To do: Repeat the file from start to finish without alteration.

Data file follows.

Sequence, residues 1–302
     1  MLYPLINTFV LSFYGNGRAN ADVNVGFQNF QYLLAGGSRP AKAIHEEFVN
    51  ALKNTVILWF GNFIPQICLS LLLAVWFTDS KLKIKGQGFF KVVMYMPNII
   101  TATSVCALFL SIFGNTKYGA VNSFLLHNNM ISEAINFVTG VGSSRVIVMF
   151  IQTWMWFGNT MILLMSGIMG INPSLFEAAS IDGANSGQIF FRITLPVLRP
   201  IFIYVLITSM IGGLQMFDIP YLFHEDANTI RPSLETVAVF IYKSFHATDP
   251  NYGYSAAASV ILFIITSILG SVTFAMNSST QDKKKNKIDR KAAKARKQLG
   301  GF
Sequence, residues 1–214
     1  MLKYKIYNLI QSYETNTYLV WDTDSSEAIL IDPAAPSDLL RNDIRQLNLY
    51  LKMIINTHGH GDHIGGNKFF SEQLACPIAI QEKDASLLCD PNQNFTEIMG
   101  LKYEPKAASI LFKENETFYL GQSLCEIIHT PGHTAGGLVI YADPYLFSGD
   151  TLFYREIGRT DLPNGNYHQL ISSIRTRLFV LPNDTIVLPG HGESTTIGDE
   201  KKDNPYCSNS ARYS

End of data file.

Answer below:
Sequence, residues 1–302
     1  MLYPLINTFV LSFYGNGRAN ADVNVGFQNF QYLLAGGSRP AKAIHEEFVN
    51  ALKNTVILWF GNFIPQICLS LLLAVWFTDS KLKIKGQGFF KVVMYMPNII
   101  TATSVCALFL SIFGNTKYGA VNSFLLHNNM ISEAINFVTG VGSSRVIVMF
   151  IQTWMWFGNT MILLMSGIMG INPSLFEAAS IDGANSGQIF FRITLPVLRP
   201  IFIYVLITSM IGGLQMFDIP YLFHEDANTI RPSLETVAVF IYKSFHATDP
   251  NYGYSAAASV ILFIITSILG SVTFAMNSST QDKKKNKIDR KAAKARKQLG
   301  GF
Sequence, residues 1–214
     1  MLKYKIYNLI QSYETNTYLV WDTDSSEAIL IDPAAPSDLL RNDIRQLNLY
    51  LKMIINTHGH GDHIGGNKFF SEQLACPIAI QEKDASLLCD PNQNFTEIMG
   101  LKYEPKAASI LFKENETFYL GQSLCEIIHT PGHTAGGLVI YADPYLFSGD
   151  TLFYREIGRT DLPNGNYHQL ISSIRTRLFV LPNDTIVLPG HGESTTIGDE
   201  KKDNPYCSNS ARYS